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21 hours ago, DeHammer said:

No, you paid for the game. Period. When you buy the game, no where do they state an entitlement to servers. They are there. But they don't have to be. The game can be a played without official servers. No where do they promise you a bug free game where possible. 

You may feel entitled. The reality is that you are not. 

So you're telling me that with a slogan that dictates you play on their servers to "rule the ark with your friends", they somehow didn't mention that you'd need to pay extra for your servers?  They...didn't mention that one either, did they? 

 

"Soo uhh...add more content with the money we have now an-" 

"Wait! Shouldn't we make sure that our customers are happy with the servers first, so they can support us further? How about we just taaake a steo back an-"

 

"NO! MORE CONTENT, LESS RESOURCES TO FIX PROBLEMS--I DON'T CARE HOW IT HA-"

 

Right. So how about upkeeping the online game that was created for people to play with eachother "online" like most other companies do instead of making excuses.  

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34 minutes ago, Masurao said:

So you're telling me that with a slogan that dictates you play on their servers to "rule the ark with your friends", they somehow didn't mention that you'd need to pay extra for your servers?  They...didn't mention that one either, did they? 

 

"Soo uhh...add more content with the money we have now an-" 

"Wait! Shouldn't we make sure that our customers are happy with the servers first, so they can support us further? How about we just taaake a steo back an-"

 

"NO! MORE CONTENT, LESS RESOURCES TO FIX PROBLEMS--I DON'T CARE HOW IT HA-"

 

Right. So how about upkeeping the online game that was created for people to play with eachother "online" like most other companies do instead of making excuses.  

You are aware that you can play this game with your friends without an online server right?

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Are you serious? The op specifically asked for the topics to not be merged. One was a post, the other was a poll with more in depth discussion and the poll was removed by merging. DILO. Moderators can't even be bothered to pay attention to legit ideas and conversations and we expect the devs to hear our voices?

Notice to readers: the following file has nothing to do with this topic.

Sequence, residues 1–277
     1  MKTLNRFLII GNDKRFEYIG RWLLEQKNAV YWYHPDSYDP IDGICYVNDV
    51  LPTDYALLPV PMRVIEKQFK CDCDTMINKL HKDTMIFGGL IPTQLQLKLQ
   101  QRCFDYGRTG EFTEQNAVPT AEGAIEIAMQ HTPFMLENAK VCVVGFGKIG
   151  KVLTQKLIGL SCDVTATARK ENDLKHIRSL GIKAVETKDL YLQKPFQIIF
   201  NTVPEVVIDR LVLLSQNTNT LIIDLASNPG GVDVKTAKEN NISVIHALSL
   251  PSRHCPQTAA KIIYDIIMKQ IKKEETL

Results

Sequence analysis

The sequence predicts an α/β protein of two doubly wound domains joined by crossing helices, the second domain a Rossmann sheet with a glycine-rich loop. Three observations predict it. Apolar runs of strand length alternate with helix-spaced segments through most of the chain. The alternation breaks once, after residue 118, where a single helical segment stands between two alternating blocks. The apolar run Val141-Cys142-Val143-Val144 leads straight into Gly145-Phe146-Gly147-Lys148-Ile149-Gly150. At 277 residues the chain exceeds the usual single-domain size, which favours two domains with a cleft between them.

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On 2/14/2020 at 7:08 PM, Masurao said:

So you're telling me that with a slogan that dictates you play on their servers to "rule the ark with your friends", they somehow didn't mention that you'd need to pay extra for your servers?  They...didn't mention that one either, did they? 

"Dictates"? That's absurd. No where do they dictate where you must play. I have many thousands of hours in ARK now and not a single minute on the official servers. Give your head a shake. 

Oh, and when you play on other hosted servers, YOU PAY a third party. That's a pretty strong indication that server's are not assured or inherently part of the game. 

Edited by DeHammer

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1 hour ago, DeHammer said:

Oh, and when you play on other hosted servers, YOU PAY a third party. That's a pretty strong indication that server's are not assured or inherently part of the game. 

Yup, and although I don't have definite proofs, I think reselling of steam accounts make WC get even less money.

 

New player click "join ARK", probably see a official server on the screen first and clicked join. After sometime they quit because it is too difficult/laggy. Then they decide to sell their steam account with only ARK in library to regain some money because the refund period have passed.

~This may also be why WC focus on new content rather than optimization: when new DLC is released there is no possibility to resell, at least for some time.